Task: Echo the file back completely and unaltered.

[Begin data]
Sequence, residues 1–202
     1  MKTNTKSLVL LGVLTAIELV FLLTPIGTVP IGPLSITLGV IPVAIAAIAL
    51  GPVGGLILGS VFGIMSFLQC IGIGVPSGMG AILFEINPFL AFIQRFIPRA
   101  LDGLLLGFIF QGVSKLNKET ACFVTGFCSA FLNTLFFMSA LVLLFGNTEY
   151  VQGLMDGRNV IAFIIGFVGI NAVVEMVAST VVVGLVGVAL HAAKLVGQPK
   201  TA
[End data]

Sequence, residues 1–202
     1  MKTNTKSLVL LGVLTAIELV FLLTPIGTVP IGPLSITLGV IPVAIAAIAL
    51  GPVGGLILGS VFGIMSFLQC IGIGVPSGMG AILFEINPFL AFIQRFIPRA
   101  LDGLLLGFIF QGVSKLNKET ACFVTGFCSA FLNTLFFMSA LVLLFGNTEY
   151  VQGLMDGRNV IAFIIGFVGI NAVVEMVAST VVVGLVGVAL HAAKLVGQPK
   201  TA